Somehow this little tree sprang to life in my fire pit, even though we last had a fire a little over a month ago. It’s firmly rooted on a piece of charred wood. Talk about resilience! I found some inspiration in it while walking with my head down, deep in thought, rushing between chicken chores and heading out to some responsibility for the day. I probably spent a good five minutes with the little guy, potted him up, and might even spend a few decades with this new friend. Hope and inspiration spring up in the most unusual and unexpected places.
I sprang to life at 3:45 this morning, eager to get going on the day. I’ll hop on the bike and hopefully put some beans in the ground at Tiny Farm Duluth. Then I head off to my job on another farm located just a couple miles outside the city limits. It promises to be a big day with work done on two farms, setting the stage to start painting a friend’s house tomorrow, racking up 20 miles on the bike, a little time spent writing, and family duties.
Attempting to build a farm from scratch in between moments at my other farm job, heavy rain, shuttling kids to soccer games, washing dishes, doing laundry, and all the other basic necessities of life, has been rather hectic. The need to stay sane has me scaling back expectations for Tiny Farm greatly this year, using this time to put systems in place for next season. The learning curve is just nuts. Also, time management, discipline, and organization, are all growth areas for me. Slowly, I’m whittling down to the bare necessities and building FOCUS.
Today’s great task is to find joy in the journey, choosing to be pleased that the family car is unavailable, and refusing to regret what I did not accomplish at the end of the day. There’s a chapter in my book called Joy in the Journey. It begins with a sentence describing life on the train:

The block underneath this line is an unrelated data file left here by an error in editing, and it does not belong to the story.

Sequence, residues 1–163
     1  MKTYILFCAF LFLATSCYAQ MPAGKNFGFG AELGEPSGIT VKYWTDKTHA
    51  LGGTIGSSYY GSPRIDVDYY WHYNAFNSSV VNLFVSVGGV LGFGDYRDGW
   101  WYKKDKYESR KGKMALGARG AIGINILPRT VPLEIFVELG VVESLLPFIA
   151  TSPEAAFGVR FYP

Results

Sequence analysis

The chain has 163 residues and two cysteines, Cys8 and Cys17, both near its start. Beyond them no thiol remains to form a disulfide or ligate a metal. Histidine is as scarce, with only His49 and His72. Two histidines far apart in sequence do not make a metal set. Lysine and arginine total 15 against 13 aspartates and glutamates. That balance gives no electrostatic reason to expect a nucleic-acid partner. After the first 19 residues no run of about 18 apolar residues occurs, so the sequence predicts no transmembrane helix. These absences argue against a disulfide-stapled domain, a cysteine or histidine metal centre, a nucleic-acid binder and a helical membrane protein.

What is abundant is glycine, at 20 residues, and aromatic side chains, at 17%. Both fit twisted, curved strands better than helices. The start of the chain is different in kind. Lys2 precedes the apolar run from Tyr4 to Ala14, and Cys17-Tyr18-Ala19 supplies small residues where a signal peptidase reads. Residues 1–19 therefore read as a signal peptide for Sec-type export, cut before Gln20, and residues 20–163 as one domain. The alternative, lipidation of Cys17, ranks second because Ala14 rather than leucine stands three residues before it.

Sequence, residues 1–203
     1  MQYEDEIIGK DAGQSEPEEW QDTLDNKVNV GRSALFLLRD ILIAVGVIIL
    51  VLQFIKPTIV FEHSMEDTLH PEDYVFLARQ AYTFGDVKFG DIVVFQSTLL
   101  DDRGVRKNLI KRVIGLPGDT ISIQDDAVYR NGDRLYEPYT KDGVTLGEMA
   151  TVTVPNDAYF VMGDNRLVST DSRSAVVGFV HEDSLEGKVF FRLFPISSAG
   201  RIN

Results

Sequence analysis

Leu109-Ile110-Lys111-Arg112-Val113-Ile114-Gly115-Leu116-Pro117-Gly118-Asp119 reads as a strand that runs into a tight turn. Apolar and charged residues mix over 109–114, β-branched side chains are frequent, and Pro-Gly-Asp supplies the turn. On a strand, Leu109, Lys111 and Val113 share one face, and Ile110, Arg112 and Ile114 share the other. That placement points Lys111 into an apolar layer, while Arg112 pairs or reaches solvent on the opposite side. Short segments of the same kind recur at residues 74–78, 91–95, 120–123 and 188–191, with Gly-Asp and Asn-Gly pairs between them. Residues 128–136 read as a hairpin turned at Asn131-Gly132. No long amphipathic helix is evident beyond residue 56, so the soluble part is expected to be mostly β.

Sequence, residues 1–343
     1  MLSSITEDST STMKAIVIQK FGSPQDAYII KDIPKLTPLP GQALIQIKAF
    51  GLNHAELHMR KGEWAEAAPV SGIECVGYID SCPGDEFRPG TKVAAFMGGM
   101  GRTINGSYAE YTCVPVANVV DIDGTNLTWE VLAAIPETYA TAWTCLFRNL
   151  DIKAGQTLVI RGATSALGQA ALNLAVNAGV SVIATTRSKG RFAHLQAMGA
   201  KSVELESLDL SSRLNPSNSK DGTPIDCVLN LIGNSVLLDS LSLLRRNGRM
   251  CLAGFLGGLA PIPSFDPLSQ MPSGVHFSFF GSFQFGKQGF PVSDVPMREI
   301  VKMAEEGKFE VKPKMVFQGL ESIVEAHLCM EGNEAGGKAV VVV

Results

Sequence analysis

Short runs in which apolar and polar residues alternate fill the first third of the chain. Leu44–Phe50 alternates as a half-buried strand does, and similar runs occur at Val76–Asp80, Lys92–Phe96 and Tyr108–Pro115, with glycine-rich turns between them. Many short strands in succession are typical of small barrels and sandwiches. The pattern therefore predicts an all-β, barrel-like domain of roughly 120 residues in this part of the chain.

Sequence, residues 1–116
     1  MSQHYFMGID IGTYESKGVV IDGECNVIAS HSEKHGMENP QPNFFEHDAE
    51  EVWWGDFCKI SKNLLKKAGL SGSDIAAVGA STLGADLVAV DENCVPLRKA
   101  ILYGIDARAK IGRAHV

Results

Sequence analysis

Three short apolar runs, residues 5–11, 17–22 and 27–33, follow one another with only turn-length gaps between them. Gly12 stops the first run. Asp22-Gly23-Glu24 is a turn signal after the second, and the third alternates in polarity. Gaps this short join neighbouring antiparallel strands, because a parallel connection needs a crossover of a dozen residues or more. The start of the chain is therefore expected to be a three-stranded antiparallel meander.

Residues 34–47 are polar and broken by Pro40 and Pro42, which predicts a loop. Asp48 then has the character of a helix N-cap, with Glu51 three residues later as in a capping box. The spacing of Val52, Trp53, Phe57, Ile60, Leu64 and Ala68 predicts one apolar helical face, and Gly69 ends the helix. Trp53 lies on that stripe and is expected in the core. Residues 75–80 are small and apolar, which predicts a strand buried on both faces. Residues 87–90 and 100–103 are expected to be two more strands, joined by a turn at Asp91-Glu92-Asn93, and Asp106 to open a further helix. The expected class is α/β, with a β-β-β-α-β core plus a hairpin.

Riding the rails is a feast along a bountiful reservoir of time.
Today I will strive to recover this mentality in everyday life. Ironically, you’ll find yourself being far more productive while existing in this mindset. You experience clarity, and are able to focus on what really matters.
Now 40 years old, I envy the 20-year-old embarking on a journey like this through apprenticeships and similar hard knocks, but without all the responsibilities. There’s no time for regrets or whining. We only have this one life to live. Time is ticking.
2 thoughts on “Hope and life rising from the ashes”
Box elder. We’ve got one that towers over our garden. It is a hard knocks tree that is missing a big hunk of its trunk, but its leaves shield our view of the neighbor’s garbage-y yard and the overhead electrical wires. It produces thousands of winged seeds that germinate in our garden beds every year (sigh.) A little weedy in nature, but a real hard worker that houses abundant wildlife and provides shade for a hot gardener.
Nice. Thanks for sharing! It’s the sort of thing I wish I knew offhand, and was wondering. Perhaps it could be something worth being really aggressive with for making into a bonsai. When my grandchildren get this thing handed down to them in 50 years they’ll know what the heck it is. Thanks again!